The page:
Tuesday, July 24, 2012

Commutes, Tradeoffs and the Limits of Urban Growth

I've been looking through the mean commuting times recently released as part of the 2010 ACS estimates for metropolitan statistical areas.  Although a lot has been written about commutes recently, what I found most striking about the data was the similarity between mean commuting times among large metro areas, regardless of their population.  Below is a list of all American MSAs with more than two million residents for which mean commuting times were available through the ACS:

Although population is strongly correlated with commuting time, particularly when all metro areas over population one million are included in the sample, the differences are surprisingly small.  Orlando, with an urbanized area of only 600 square miles, has a mean commute just twelve seconds shorter than Dallas, which covers 1,780 square miles, although both cities have comparable densities, employment centralization and highway miles per capita.

The conventional explanation for this phenomenon, as one 1997 study puts it, is that "individuals and firms mutually co-locate in response to congestion costs, and thus reshape those costs."  Implicit in this "tradeoff" theory is that, for most people, commutes beyond a certain length of time are undesirable despite any other advantages that might be gained from the location (e.g. housing cost, school quality, taxation level, crime), or else we should see commute lengths increase at a faster rate relative to population.

The data suggests that maximum mean travel time is somewhere slightly over 30 minutes, as indicated by the outlier example of New York, where most residents of the metro area apparently prefer to pay very high prices for housing rather than relocate to far cheaper, but more distant locales (such as Dutchess County or the northern Philadelphia suburbs). The 30-minute figure has been noticed before by transportation planners.

What do these constraints suggest for the urban form of America's cities, if anything?  The map below shows the commute from a new residential development in Katy, Texas, to Houston's central business district, which is measured by Google maps at 44 minutes in optimal traffic conditions (Uptown Houston is only a slightly closer 39 minutes).  At distances like this, with a diminishing number of potential purchasers willing to undertake such long commutes to major job centers, faster transit virtually out of the question, and any new edge city employment clusters unlikely to contribute a significant proportion of metro area jobs, one wonders how much longer outward urban expansion can continue at its current rate.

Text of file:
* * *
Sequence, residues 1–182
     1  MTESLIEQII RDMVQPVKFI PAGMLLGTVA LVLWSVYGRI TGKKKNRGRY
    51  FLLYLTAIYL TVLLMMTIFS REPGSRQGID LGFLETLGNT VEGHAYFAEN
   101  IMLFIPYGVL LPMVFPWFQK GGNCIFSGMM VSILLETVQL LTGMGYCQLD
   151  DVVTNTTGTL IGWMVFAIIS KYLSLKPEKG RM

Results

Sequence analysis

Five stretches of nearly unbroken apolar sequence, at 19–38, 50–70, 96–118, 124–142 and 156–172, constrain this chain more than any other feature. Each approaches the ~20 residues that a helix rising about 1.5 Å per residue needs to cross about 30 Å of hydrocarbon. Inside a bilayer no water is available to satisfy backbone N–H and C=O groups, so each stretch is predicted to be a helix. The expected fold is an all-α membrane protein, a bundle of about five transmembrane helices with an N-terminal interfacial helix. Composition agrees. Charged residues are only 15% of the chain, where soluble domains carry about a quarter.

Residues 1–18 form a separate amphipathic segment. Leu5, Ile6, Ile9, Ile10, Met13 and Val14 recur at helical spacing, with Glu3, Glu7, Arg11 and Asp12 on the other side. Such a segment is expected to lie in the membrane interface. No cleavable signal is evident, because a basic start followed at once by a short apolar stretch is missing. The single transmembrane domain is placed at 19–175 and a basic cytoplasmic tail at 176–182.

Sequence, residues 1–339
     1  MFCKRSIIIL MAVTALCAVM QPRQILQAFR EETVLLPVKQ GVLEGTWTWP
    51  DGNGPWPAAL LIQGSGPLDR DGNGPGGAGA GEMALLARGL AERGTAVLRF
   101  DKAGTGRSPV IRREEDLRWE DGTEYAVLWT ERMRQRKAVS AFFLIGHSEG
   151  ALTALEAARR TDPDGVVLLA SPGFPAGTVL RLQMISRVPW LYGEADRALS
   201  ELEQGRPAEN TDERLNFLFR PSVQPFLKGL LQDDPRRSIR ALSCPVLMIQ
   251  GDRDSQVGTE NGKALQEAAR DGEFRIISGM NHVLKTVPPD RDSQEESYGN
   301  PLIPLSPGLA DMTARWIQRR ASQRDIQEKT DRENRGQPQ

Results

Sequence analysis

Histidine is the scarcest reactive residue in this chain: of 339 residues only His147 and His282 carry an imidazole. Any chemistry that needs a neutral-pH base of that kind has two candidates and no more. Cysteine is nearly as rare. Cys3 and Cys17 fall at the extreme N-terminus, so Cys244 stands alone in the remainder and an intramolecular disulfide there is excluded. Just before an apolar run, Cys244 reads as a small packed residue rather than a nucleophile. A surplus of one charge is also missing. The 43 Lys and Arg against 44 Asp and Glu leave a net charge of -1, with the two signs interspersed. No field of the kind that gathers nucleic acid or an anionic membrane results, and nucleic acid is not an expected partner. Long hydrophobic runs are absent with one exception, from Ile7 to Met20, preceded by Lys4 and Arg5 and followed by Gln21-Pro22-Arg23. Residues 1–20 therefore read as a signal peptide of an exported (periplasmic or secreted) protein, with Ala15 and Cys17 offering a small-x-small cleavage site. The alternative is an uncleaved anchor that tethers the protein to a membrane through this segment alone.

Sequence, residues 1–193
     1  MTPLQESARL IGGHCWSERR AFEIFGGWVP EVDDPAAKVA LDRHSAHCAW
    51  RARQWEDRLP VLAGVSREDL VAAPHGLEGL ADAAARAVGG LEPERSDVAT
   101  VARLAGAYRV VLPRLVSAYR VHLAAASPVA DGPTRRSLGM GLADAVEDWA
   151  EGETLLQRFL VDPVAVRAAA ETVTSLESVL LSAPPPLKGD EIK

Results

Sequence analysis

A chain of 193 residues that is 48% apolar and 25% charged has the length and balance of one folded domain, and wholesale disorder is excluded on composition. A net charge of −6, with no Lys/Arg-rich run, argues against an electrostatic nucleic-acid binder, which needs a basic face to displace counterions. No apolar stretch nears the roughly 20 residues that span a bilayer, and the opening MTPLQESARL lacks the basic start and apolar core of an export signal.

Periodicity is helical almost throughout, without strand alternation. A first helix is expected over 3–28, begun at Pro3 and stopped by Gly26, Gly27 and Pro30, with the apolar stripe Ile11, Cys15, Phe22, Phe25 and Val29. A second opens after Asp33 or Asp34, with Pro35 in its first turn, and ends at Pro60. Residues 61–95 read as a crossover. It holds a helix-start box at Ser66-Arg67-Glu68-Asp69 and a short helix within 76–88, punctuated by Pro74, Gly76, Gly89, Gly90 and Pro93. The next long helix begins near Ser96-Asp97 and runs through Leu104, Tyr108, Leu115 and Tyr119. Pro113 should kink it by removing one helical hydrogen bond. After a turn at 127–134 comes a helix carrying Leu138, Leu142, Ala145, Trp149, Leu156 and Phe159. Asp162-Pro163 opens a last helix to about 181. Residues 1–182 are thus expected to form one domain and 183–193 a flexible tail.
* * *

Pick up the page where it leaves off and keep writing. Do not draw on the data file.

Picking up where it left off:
If the theory that commuting time preferences are more or less universal is true, we should by now expect to see a considerable refocusing of residential development in and around Houston's employment centers (bearing in mind that less than 1 in 5 Houston commuters currently has a commute of 45 minutes or more, although it's unclear how many of these are "super-commuters" those who travel to the city once or twice per week and return on weekends of which Houston has a nation-leading proportion according to one study).  As Chris Bradford reported back in March, this is precisely what is happening.  Thousands of new units are under construction in core neighborhoods, yet demand is so high that prices are soaring anyways. The study quoted earlier puts it succinctly:
"[A]t the metropolitan level, average density is principally a surrogate for city size. ... Thus densification, like polycentricity, is primarily a market response to contain or reduce otherwise high interaction costs found as cities increase in population ... rather than a cause of those travel times."
This theory doesn't imply that outwards expansion will come to a screeching halt once some magical distance from the center is reached, but that the balance of new construction will attempt to shift to the core as commutes from fringe areas begin to significantly exceed 30 minutes. For those despairing of an end to suburban sprawl, this may provide a glimmer of hope.  However, smaller cities with abundant land for expansion for instance, Indianapolis, San Antonio or Oklahama City ought to see comparatively less movement back toward the center, and that is reflected in the 2010 Census data (exceptions will certainly exist, though, due to other factors such as geography, demographics, transportation investments and city regulations).

None of this is exactly earth-shattering stuff, but in terms of looking at big picture issues for long-term urban growth, the importance of time preferences shouldn't be overlooked.

Other reading:
--Old but still relevant: Housing and the Journey to Work in U.S. Cities (Observing that the shift to auto commuting was a rational choice during the 1960-1990 period, and accounted for declines in average commuting times in spite of increasing commuting distances.  However, as of 2010, average commutes are up in all major cities as compared to 1990, in many cases significantly, showing the diminishing returns of this strategy over time).
--Basics on housing patterns and highway building: Suburbanization and Transportation in the Monocentric Model
--More spatial patterns: Traffic and Sprawl: When Jobs Suburbanize, Whither the Commute? (Echoing the finding that job decentralization is associated with shorter commutes, but observing that it cannot halt or reverse the trend of increasing average commutes as due to overall urban growth).